A lazy river staying predictably within its deep banks as it works its way through an agricultural valley. A few farm towns made of bricks in the nineteenth century stacked up like children’s play blocks only a few yards from the edge of the running water. A stoplight in the middle of the town, at the prominent intersection where a north-south and an east-west fare come together to define the center. A stone schoolhouse three stories tall if I count the basement. A bridge goes over the river at one end of town and the road passes into the open fields that run for miles until they come to the next little town on the river.
When I close my eyes and see this river, I detect other rivers that run not through the rural Washington landscape of my youth, but rather swing this way and that as they pass through me. At times the currents are swift and mostly dangerous with impossible challenges that I have been forced to face. Then come waterways that appear wide and gentle, with big white soft birds skimming the surface, giving off an elegance that holds my eyesight.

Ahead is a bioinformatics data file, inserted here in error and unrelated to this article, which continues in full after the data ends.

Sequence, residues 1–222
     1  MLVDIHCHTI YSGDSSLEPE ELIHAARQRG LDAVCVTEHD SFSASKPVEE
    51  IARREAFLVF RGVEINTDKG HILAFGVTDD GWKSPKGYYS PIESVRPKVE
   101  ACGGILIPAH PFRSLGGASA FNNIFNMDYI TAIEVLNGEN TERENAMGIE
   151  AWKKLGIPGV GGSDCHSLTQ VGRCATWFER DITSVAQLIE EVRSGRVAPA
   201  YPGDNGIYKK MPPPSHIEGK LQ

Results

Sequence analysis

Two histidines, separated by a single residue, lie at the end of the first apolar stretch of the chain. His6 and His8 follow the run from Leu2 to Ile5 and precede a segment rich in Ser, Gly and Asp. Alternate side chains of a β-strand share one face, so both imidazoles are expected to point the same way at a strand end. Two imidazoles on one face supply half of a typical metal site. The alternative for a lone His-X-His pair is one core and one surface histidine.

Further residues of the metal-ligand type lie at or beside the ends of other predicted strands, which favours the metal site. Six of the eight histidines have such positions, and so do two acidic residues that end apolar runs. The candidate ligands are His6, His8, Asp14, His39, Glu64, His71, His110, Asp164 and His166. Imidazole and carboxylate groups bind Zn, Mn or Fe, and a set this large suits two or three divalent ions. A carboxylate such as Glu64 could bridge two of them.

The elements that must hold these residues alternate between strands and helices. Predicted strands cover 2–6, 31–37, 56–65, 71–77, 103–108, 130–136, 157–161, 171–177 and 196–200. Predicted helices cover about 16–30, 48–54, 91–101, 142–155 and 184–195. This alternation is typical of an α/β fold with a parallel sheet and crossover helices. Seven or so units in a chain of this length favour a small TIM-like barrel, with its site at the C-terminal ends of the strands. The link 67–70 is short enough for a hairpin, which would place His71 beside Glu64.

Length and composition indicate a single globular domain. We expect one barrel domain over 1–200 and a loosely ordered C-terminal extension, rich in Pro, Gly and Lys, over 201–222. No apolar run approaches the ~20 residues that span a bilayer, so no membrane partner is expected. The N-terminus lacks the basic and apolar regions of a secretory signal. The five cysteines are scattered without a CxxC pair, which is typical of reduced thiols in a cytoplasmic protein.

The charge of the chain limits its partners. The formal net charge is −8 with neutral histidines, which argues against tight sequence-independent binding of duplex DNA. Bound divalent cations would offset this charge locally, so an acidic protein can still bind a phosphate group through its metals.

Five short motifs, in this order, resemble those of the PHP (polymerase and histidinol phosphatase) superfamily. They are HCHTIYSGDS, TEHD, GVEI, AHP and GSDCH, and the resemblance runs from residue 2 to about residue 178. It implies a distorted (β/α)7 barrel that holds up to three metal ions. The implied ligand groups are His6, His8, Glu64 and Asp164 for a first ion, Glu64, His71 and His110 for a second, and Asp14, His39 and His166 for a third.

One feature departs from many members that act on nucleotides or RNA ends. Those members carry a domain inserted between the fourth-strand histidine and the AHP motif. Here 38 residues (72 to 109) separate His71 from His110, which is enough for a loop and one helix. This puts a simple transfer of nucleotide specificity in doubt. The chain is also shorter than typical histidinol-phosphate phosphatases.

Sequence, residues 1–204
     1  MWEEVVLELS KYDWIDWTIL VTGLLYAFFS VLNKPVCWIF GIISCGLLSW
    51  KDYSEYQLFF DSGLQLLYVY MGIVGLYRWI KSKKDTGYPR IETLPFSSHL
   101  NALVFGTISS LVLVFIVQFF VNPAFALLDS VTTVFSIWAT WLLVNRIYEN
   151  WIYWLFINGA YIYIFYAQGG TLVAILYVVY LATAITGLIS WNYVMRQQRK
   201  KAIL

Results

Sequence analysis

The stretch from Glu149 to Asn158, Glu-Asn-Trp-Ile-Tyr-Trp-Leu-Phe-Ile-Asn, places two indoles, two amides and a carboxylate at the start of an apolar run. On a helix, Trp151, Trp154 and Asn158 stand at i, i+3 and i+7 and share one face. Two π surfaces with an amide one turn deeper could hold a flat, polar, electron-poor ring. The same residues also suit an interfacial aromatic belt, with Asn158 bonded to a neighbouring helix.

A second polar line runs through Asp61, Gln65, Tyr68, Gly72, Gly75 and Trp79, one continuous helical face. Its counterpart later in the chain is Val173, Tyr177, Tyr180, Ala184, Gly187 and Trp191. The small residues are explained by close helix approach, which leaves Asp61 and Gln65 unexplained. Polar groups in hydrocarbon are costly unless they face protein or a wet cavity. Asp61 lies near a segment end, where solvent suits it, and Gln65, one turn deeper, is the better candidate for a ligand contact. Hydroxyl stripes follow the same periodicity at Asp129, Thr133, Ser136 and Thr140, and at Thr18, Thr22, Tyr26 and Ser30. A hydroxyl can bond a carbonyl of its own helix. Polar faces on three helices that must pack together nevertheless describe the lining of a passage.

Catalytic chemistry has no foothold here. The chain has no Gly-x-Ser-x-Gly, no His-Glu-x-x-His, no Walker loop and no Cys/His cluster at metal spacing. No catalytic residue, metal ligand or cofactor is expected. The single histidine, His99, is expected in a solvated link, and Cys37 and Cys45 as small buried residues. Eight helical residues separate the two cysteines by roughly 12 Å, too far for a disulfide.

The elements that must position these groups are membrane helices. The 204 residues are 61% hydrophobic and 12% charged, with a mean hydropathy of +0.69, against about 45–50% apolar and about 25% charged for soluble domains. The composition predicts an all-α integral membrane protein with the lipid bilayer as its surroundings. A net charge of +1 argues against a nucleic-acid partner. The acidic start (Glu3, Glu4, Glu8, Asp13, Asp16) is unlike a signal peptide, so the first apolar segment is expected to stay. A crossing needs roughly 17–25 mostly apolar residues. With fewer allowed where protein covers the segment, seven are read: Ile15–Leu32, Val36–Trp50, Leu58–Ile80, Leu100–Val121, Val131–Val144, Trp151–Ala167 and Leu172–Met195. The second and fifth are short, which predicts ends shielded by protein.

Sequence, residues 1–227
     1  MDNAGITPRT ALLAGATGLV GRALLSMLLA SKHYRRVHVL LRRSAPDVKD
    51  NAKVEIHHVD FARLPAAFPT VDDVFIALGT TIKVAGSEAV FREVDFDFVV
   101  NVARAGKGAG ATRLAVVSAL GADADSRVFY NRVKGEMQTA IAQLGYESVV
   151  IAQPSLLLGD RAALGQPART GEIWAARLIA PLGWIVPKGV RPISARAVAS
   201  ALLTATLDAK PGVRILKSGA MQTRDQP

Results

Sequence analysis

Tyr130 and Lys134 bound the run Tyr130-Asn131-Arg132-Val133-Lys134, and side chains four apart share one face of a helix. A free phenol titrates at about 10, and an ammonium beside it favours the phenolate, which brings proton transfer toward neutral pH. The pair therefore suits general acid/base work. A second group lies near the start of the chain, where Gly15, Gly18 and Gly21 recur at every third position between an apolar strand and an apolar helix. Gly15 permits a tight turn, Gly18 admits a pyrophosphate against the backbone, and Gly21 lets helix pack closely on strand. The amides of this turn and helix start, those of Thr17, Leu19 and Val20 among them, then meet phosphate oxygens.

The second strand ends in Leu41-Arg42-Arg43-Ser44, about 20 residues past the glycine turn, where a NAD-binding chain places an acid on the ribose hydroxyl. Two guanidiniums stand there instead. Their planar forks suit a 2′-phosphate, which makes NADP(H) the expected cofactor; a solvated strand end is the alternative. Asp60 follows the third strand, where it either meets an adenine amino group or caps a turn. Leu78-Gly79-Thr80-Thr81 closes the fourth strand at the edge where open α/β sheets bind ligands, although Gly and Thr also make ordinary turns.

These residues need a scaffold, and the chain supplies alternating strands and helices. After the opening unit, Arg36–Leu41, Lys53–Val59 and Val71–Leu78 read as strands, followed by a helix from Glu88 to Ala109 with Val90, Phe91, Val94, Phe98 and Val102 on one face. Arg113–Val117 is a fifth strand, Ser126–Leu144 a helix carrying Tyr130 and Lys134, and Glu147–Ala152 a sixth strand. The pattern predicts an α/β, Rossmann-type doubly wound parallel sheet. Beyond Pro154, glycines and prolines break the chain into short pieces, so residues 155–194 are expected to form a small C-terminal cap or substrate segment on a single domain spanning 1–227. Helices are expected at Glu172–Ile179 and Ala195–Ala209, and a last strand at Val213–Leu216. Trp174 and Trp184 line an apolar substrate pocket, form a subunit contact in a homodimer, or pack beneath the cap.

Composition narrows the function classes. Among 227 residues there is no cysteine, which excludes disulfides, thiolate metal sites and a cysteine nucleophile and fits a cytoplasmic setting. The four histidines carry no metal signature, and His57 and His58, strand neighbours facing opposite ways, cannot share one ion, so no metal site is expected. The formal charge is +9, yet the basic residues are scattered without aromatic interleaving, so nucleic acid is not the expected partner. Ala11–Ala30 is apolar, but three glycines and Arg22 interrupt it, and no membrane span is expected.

I feel like several rivers that pass through me never really started close by me, just entered me and never left, and have enough circuitous activity that they will never become stagnant ponds. I would give names to those rivers still working inside of me, like that first one I became familiar with, the Yakima, when still a child. These rivers have become less defined as they move forward in time, sometimes overspilling a bank and upsetting my calm, while often they seem to nearly dry up so that all I really see is a few rocks in a trickling stream bed.
Sometimes the Yakima the way I remember it when young also runs a metaphorical length along with the other rivers inside of me, as if the rivers spill into each other at various intersections. The waters and the fish in them join to form a new flow and run for long distances, until they run completely from my sight.
I would name one of the rivers mother and another father. They still run their full length and current inside of me, but upon the death of my parents, the rivers no longer run outside of me. Other tinier rivers have adopted the same habit as the more grand rivers. Oh yes, and the grandparent rivers still run, but only within, no longer outside. This week I learn that one of my cousins with whom I grew up on the Yakima, a flow I’ve known all my life, has been diagnosed with pancreatic cancer.